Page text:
930 Poydras from the west along Poydras Street
|Location||930 Poydras Street or 500 O'Keefe Avenue|
|Town or city||New Orleans, Louisiana|
|Client||Brian Gibbs Development, LLC|
|Height||270.31 ft (82.4 m)|
|Floor area||462,000 sq ft (42,921 m2)|
|Design and construction|
|Structural engineer||Morphy Makofsky Inc|
|Civil engineer||Morphy Makofsky Inc|
|Other designers||Mechanical Construction Co (Mechanical Engineer)|
|Main contractor||Gibbs Construction Company|
930 Poydras is a 21-story, 270.31-foot (82.4 m) residential skyscraper in New Orleans, Louisiana. Located on Poydras Street, the main thoroughfare in the city's Central Business District (CBD), it is the tallest building completed in the city in the 2010s and the first residential skyscraper completed in the city following Hurricane Katrina. Some sources affirm that the building was financed via Gulf Opportunity Zone financing that was enacted by the United States Congress to aid in the recovery from Katrina, while other sources state that alternative financing was used. The building's construction was the subject of a court battle regarding damage to surrounding buildings. Nonetheless, the building's design, which was scaled back from early plans, has won many awards.
The building is the first residential high-rise constructed in downtown New Orleans following the landfall of Hurricane Katrina in August 2005. In fact, it had been over a generation since a new-construction residential high-rise had been built in downtown New Orleans. Poydras Street is the main corridor of the New Orleans Central Business District, and 930 Poydras is the first ever residential building in the CBD portion of Poydras. Developed by Brian Gibbs, the building is the second residential structure (One River Place) with an address on Poydras Street. It is the tallest building completed in the city in the 2010s and the most recently completed skyscraper.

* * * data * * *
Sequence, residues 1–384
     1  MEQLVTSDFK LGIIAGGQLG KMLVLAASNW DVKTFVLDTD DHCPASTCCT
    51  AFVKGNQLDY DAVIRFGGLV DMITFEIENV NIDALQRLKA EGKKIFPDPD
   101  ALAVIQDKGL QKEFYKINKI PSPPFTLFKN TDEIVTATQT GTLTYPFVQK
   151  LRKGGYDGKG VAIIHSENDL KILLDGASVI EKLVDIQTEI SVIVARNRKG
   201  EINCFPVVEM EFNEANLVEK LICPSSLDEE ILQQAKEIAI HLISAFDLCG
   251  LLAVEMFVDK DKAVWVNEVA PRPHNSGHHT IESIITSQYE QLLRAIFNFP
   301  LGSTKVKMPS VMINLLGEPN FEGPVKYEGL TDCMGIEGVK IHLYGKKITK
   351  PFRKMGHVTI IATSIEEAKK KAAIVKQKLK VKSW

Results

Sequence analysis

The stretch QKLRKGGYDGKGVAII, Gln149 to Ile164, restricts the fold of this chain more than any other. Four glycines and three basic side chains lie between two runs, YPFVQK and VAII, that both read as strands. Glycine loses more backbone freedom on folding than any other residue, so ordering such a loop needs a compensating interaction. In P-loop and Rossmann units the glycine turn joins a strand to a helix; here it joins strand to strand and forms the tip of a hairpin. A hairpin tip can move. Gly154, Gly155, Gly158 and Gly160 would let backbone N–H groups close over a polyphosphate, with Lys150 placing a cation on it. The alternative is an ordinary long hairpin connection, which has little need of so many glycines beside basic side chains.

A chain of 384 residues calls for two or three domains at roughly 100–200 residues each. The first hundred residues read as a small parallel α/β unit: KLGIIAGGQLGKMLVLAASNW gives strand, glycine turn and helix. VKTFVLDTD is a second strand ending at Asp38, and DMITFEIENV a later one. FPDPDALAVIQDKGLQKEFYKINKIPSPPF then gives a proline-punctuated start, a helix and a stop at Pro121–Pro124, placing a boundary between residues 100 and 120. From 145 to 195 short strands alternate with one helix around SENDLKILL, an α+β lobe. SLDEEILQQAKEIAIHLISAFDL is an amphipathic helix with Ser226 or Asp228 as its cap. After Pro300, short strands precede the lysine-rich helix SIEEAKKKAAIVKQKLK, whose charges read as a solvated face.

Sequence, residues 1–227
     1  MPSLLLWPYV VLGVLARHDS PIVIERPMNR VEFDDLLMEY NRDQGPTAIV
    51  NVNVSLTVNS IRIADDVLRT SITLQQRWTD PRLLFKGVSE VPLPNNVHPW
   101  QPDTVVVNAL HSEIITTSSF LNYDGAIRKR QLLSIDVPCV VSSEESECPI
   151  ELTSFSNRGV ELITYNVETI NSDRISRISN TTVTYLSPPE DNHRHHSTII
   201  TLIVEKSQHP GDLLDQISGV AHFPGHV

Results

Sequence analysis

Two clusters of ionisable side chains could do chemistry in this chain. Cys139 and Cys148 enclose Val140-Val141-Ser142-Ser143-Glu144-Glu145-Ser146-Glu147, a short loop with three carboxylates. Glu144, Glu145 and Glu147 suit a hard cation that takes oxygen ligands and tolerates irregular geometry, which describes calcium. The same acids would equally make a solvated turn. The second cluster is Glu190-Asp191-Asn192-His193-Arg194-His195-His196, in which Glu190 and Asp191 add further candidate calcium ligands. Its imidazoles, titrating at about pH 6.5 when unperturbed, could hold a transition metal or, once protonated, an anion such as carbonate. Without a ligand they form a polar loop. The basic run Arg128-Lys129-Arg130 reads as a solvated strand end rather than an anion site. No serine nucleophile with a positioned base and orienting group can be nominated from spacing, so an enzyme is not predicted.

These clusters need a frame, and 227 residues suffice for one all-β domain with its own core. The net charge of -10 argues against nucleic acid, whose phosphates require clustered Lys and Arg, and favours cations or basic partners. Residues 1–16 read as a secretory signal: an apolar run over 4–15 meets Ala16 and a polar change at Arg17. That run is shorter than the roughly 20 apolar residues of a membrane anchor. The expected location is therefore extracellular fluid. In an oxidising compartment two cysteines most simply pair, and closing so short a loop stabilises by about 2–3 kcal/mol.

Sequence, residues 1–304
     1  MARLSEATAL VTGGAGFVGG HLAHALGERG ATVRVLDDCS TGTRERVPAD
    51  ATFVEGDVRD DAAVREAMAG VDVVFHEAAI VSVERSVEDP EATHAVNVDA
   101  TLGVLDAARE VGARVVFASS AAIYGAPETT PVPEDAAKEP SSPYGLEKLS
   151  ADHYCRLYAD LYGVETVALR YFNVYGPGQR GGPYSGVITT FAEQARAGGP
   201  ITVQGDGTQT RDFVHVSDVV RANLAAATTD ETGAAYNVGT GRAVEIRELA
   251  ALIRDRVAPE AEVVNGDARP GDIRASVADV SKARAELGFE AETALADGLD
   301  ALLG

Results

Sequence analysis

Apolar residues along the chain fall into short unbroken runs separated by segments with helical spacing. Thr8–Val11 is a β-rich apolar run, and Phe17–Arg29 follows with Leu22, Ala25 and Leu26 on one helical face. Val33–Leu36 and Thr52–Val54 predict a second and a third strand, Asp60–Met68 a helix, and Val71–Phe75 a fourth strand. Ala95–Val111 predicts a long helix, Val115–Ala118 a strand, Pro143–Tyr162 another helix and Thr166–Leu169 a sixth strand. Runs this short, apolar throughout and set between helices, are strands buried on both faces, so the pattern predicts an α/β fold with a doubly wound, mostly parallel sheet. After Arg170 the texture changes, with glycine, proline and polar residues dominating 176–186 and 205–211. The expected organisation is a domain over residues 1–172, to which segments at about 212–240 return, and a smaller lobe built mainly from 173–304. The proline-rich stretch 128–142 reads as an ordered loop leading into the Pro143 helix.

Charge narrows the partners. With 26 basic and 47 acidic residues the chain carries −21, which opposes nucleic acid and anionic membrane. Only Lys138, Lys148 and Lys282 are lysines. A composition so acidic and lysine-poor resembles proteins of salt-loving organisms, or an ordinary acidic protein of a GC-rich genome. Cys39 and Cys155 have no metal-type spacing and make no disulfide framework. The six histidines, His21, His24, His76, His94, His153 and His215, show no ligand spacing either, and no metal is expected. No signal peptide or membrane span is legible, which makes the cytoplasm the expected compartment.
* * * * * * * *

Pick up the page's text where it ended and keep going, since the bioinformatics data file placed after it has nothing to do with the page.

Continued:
The building which was originally planned to have 37 floors, was scaled back to 35% glass skin from an all-glass structure due to financial considerations. The building was also scaled back from 476.25 feet (145.2 m) to 270.31 feet (82.4 m). Designed by Eskew+Dumez+Ripple, the building has 462,000-square-foot (42,921 m2) of mixed-use space, including ground floor retail and 250 residential apartments above a 500-car garage. Located at the intersection of Poydras and O'Keefe Streets, the structure is composed of 146 one-bedroom units, 99 two-bedroom units and five townhouses. The structure has 8 floors of parking spaces. Steve Dumez served as lead design architect of the 21-story L-shaped structure.
During construction, the adjacent three-story building which is among the National Register of Historic Places listings in Orleans Parish, Louisiana and is owned by the Birdsall Law Firm was said to have endured structural damage. This led to a lawsuit in Orleans Parish Civil District Court, but a judicial stay of construction was denied. Instead, the judge ruled that a monetary compensation would be determined after construction was completed.
The ground floor and parking garage elevators lead to the 9th floor and another set of elevators from the 9th floor leads to the residential units. All common tenant amenities are located on the double-height 9th floor, which includes a coffee bar and movie screening lounge inside as well as an outdoor pool and covered fitness center. The narrow pool has a tiered-seating pool deek. There are five two-story townhouses on the south side of the building with direct pool deck access. The 9th floor atrium lobby and its communal spaces are intended to be a social space reminiscent of the French Quarter courtyard, according to Dumez. In addition to the gathering space, the continuous skin from parking to residences, has been critically acclaimed. The design has won numerous awards, and Eskew+Dumez+Ripple won the American Institute of Architects 2014 Architecture Firm Award.
It was funded based on Congressional incentives intended to promote recovery. Design and construction were expedited to meet the December 2009 sunset clause, that required that the building begin service by December 31, 2009. The financing combined tax credits and Gulf Opportunity Zone incentives according to a February 2009 story in The Times-Picayune by Kate Moran, while a January 2009 story in The Times-Picayune by Robert Travis Scott claimed that the GO Zone bonds were not used when an alternate funding source was found. Although the first tenants did not take full occupancy until March 2010 and 100% occupancy of the 250 apartments was not achieved until July 2010, partial temporary occupancy was granted just before the deadline. The building is financed by Federal and state new-market tax credits for the garage and United States Department of Housing and Urban Development's 221(d)(4) loans for the apartment residences.
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